The dismissals spurred mass meetings and a petition with more than2,000 signatures. A judge sided with the School Board. Distrustlingered for decades, even regarding the pay raises that finallycame. "It was equalized, as far as we knew," said Artemesia Carter,who taught home economics in Newport News from 1948 to 1976. "Butthere were lots of things that went on behind closed doors." Schoolofficials attempted to address the damage in the 1970s by namingschools after Palmer and Roles, who had married and taken thesurname Watkins. Lawyers filed few salary-related lawsuits afterthe Newport News case was settled because most localities hadagreed by then to equalize pay. The next round of lawsuits focusedon correcting physical discrepancies, such as school buildings, busservice and curriculum. NAACP lawyers again crisscrossed the statesearching for plaintiffs.
"I was telling people now that we've gotthe teachers straightened out," said lawyer Hill, who's now 97."We're going after the schools and bus transportation." Two locallawsuits - one in Gloucester County and one in Surry County - wereparticularly noteworthy. Both cases were filed in 1947 and resultedin federal court rulings that ordered the school districts toimprove black schools. In Surry, black students attended classes inthe newly built L.P. Jackson School in 1951. Industrial teacher Isabella Smith, shown at right conducting a sewing lesson in this undated photo, was a prominent figure in the drive by Gloucester County blacks to establish a training school. In Gloucester, a new school was built after an attempt tointegrate. Lawyers inspected the Gloucester Training School in thefall of 1948 - five months after a federal court orderedimprovements to the building, heating system and equipment.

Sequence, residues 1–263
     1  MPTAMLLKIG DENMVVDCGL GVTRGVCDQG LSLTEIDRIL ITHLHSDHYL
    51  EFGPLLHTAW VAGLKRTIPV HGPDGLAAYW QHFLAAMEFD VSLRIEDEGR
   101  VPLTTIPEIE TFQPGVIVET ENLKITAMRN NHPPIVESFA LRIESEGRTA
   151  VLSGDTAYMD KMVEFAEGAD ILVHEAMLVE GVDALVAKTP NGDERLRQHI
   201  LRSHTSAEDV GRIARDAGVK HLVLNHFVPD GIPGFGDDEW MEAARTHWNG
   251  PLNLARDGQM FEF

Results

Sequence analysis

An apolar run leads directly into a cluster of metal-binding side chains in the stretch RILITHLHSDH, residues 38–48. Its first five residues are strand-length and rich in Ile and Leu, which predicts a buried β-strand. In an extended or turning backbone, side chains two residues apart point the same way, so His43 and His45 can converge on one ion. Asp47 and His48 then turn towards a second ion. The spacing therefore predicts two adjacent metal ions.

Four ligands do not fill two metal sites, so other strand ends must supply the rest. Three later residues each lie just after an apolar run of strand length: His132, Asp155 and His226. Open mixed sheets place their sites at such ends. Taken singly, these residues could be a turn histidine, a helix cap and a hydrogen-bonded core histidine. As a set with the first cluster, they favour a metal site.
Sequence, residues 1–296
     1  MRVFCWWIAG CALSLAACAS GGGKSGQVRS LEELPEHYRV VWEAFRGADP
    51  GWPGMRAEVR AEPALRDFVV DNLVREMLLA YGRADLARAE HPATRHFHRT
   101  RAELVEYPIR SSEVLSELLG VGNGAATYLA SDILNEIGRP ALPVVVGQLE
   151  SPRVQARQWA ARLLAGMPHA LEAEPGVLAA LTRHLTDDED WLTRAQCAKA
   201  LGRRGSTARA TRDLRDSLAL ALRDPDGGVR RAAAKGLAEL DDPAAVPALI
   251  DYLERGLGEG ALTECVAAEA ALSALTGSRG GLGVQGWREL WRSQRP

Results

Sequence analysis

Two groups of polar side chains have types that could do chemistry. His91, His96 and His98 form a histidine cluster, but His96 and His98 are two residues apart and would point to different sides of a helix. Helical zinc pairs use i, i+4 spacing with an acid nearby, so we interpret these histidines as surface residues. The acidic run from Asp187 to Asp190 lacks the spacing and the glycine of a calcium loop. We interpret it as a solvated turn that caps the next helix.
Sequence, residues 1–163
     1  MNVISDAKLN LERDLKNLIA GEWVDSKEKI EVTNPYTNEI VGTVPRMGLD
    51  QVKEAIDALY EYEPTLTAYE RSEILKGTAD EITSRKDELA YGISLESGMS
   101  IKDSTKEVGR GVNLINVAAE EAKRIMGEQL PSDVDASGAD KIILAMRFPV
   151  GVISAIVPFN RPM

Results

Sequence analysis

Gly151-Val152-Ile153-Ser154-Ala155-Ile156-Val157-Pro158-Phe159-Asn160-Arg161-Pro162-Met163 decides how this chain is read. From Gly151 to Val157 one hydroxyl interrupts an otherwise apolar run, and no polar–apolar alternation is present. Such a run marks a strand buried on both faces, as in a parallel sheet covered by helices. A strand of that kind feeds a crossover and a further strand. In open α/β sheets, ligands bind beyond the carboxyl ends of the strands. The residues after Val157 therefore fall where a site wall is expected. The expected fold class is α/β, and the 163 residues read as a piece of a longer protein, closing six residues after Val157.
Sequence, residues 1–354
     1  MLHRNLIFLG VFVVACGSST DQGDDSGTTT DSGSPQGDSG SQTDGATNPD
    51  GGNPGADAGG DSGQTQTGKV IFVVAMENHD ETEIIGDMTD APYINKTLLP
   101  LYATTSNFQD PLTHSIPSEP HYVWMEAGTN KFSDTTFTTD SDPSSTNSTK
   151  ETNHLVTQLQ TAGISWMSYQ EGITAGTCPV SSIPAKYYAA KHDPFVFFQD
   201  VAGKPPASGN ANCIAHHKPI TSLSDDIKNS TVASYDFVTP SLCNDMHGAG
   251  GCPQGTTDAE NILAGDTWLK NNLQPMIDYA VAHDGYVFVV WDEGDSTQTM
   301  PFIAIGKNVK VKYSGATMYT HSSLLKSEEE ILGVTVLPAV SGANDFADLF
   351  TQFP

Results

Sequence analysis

Theyfound no major changes, only some used appliances and other itemsmoved from the white schools into the black school. Afterward,lawyers tried to enroll a group of black teens at Botetourt HighSchool, which was for white students, to drive home their pointabout inequality. The Botetourt principal wrote down their names,and then he told them to enroll instead at the black school. Bothsides returned to court. Back in the courtroom, civil-rights lawyerMartin pitched an easy way to settle the dispute.
"The school boarddoesn't seem to realize that it can equalize schools tomorrow,"Martin said. The county's lawyer swiveled in his chair and askedhow. "They can do it tomorrow by letting those colored childreninto Botetourt High School." Ultimately, the School Board receivedgrant money to build a new black school in 1950.
That funding cameafter county voters opposed borrowing $300,000 to build the school."It was a shock," said Marion Randall, who had attended a Rosenwaldschool. "We left this very primitive building and moved to a modernfacility. I thought I was in heaven." One year later, countyresidents voted to spend $500,000 to build a new high school forwhite teenagers.